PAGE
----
5 Reasons Why Your Air Conditioner May Not Feel Cool

When the temperature starts rising outdoors, you rely on your air conditioner to keep your residence cozy. Your AC could be operating, but the air issuing from your vents seems warm.

Here are the most common reasons why this happens and what actions you can take about it. If you have to have air conditioning repair in Rochester, the Experts at Strogen's Service Experts can help. Like always, all our AC repair work is backed by a 100% Satisfaction Guarantee.*

1.Your Thermostat is Set Wrong

Look at the fan setting. If it says “on,” the fan will blow even when the AC compressor isn’t going. This is okay, but your utility expenses will be more expensive if the fan operates all the time. Change the setting to “auto,” and the blower will only work when the compressor is working. This also means the air radiating from the vents will consistently appear chilly.

2.Filter is Dirty

The HVAC air filter captures airborne particles that can damage your heating and cooling equipment. If it becomes too blocked, it can reduce airflow. This reduces how much warm air flows over the indoor evaporator coil. If the refrigerant passing through the coil becomes too chilled, it freezes, stopping the cooling cycle from happening. To stop this, put in a new filter monthly or as recommended by the manufacturer.

3.Refrigerant is Low

Refrigerant is the key to air conditioning. It changes from a low-pressure gas to a high-pressure liquid as it shifts between the indoor evaporator coil and outdoor condensing unit. If refrigerant is leaking, your air conditioner will operate poorly and may not generate adequate cool air. It can also lead to a frozen evaporator coil, which as we already mentioned, stops the cooling cycle fully. You’ll need help from an HVAC technician, like one from Strogen's Service Experts, to repair any refrigerant leaks.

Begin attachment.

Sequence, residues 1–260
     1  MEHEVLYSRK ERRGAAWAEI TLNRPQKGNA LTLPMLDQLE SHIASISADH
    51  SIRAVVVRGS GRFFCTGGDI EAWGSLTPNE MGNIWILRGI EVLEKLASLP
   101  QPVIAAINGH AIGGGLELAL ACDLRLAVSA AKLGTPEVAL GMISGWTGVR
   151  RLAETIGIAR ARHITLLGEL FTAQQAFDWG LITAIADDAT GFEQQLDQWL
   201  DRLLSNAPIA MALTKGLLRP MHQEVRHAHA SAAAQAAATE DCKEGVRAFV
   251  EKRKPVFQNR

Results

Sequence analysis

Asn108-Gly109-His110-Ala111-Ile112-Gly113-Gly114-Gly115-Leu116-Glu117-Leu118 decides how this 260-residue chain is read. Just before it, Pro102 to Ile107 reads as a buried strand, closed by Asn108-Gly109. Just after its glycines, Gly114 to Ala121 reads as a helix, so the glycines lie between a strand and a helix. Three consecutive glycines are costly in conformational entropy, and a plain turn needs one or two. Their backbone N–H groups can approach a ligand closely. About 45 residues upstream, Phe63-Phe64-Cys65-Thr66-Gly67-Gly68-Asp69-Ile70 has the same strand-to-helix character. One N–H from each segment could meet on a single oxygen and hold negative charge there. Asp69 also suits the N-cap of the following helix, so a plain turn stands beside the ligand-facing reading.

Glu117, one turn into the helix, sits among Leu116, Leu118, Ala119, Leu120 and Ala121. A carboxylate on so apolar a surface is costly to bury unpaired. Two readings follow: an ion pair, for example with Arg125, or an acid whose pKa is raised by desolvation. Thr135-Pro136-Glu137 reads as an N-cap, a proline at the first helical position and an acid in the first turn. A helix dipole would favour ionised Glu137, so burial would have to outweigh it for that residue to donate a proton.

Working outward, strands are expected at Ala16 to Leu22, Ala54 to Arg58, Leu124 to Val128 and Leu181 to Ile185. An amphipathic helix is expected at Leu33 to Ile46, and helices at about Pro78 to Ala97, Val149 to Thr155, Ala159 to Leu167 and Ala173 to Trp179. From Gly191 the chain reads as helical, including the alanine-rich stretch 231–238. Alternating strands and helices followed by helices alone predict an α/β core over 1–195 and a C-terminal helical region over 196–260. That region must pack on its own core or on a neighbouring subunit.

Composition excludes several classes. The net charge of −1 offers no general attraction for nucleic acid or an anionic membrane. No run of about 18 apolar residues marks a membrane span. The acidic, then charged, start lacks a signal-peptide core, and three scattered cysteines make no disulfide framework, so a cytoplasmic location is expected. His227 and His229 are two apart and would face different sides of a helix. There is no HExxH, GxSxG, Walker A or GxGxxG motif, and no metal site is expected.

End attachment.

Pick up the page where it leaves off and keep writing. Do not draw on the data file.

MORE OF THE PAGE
4.Condensing Unit is Blocked

The outdoor piece of your AC unit is referred to as a condenser. This is actually a giant heat sink that removes muggy air from your house. If the metal fins are clogged with yard debris, the condenser can’t run well. Rinse down the system to clear debris that builds up and shear back shrubs to make sure the condenser isn’t obstructed.

5.Condenser Fan or Compressor has Gone Out

While you’re examining the condenser, verify the large fan near the top of the unit is running. If the fan motor has gone bad, the condensing unit can’t break up heat appropriately, and your air conditioner could start blowing muggy air into your residence.

Listen for the sound of the compressor working in the condensing unit also. This is what drives your air conditioner, as the piece cools the refrigerant. Then, the refrigerant can collect more humidity when it moves back into your home. If the compressor goes out, you’ll typically need to purchase a new system and book air conditioning installation.

If you’re hearing other weird noises when your AC is on, take a look at our guide that decodes what common air conditioning noises mean.

Did you figure out the issue using these ideas? If not, our Strogen's Service Experts Experts are ready to help you. Reach us at 603-923-4570 or contact us online to book your air conditioning repair appointment now.

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